For me the light had definitely switched on. I embarked on all sorts of outdoor activities. From hiking, kayaking and swimming to learning how to ski overlooking Lake Pend Oreille from Schweitzer and inhaling the fresh cold air awakening my lungs. The icy, slippery roads were flanked by snow-covered trees that looked like giant snowmen. I would spread my arms and scream from the top of my lungs “I am the queen of the world!”
I never felt so at home, alive and attuned with nature.
Only decades later I learned that nature and spending a massive amount of time outdoors would calm the brain, slow down the prefrontal cortex and reduce stress effectively. Florence Williams states in her book, The Nature Fix, that nature makes us happier, healthier and more creative — the colors green and blue, of trees and water, being especially restorative.
No wonder that when the COVID-19 pandemic struck it was plants that people bought, not TVs or computers. When the world shut down and everybody held their breath the skies above Beijing and Los Angeles were clearer than ever. It was to city parks, beaches and the woods that people were drawn. I traded my designer heels for hiking boots and found solace in the tiny bit of nature that is left in the Netherlands. Existential fear, trauma and stress faded with every step on my hiking trail, not vanishing completely but feeling manageable and acceptable. A welcome break from heated political discussions and increasing polarization. I would watch Virgin River on Netflix because of the beautiful, calming nature scenes that reminded me of the Pacific Northwest.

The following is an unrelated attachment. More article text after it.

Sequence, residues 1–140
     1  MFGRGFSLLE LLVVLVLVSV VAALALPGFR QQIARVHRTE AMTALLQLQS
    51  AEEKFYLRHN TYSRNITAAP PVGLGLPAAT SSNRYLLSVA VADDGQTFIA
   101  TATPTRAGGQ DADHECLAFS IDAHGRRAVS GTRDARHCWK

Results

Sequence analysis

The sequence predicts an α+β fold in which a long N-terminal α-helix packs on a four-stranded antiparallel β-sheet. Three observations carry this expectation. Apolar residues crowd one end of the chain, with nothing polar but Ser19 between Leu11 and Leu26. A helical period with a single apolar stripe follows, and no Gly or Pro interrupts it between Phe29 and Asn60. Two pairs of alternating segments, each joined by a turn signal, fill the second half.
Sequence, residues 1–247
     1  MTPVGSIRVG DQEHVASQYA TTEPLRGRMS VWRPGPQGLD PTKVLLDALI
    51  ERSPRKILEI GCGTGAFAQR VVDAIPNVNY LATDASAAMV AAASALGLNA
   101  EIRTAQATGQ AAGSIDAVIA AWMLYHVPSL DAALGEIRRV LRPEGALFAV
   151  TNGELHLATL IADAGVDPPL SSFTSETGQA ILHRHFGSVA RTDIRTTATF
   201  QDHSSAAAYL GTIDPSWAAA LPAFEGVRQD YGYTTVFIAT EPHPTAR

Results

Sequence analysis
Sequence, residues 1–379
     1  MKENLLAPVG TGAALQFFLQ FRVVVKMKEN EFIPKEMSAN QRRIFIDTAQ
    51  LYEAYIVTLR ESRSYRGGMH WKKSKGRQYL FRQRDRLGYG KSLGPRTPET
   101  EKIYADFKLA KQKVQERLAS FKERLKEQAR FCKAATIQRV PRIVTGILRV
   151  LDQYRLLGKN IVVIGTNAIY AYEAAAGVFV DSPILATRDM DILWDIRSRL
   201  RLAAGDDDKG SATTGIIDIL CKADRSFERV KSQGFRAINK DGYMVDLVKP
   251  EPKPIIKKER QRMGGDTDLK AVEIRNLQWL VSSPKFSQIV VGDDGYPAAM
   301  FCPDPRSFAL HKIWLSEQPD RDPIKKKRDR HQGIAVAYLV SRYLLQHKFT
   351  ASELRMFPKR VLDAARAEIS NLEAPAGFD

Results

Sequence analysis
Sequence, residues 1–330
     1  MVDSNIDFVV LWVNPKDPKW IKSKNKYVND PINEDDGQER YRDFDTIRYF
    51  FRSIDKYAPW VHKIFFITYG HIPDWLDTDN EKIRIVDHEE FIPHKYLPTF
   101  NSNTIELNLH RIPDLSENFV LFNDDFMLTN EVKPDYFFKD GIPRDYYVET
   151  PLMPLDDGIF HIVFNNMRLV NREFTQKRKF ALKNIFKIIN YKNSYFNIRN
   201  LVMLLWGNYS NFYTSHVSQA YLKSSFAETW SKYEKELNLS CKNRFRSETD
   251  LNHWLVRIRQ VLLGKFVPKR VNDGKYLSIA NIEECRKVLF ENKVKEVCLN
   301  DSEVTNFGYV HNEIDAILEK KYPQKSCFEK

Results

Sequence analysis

In this very pandemic I also discovered the benefits of yoga, deep breathing and meditation. Being a world traveler, I always found solace in the closeness of an airport. Now the borders were closed. All I had left were my memories and imagination.
The Chinese word for “conflict” consists of the characters for both “crisis” and “chance.” We can employ this interpretation for introspection, reflection and discovering our true core values. Now that I am older, I crave for more space and green. I moved from the overcrowded city center of Amsterdam to the smaller town of Haarlem; yet, I long for more space, green and quiet. The pandemic has accelerated this process.
I sit down, hands on my lap, and close my eyes. In my meditations, images of Sandpoint and its soothing surroundings keep popping into my head. This is where I discover the essence of being and the ability to travel without going anywhere, as Pico Iyer states it in his book, The Art of Stillness: Adventures in Going Nowhere. In my mind’s eye, I find solace in revisiting Sandpoint, my second home.
Sophie Poldermans is a Dutch author whose 2019 book Seducing and Killing Nazis became a New York Post and Amazon seller. She is the founder of Sophie’s Women of War (sophieswomenofwar.com), which sheds light on women leaders in times of conflict, crisis and change. Poldermans is also an international speaker, lecturer and consultant on women and war, and women’s leadership advocating women’s rights around the globe.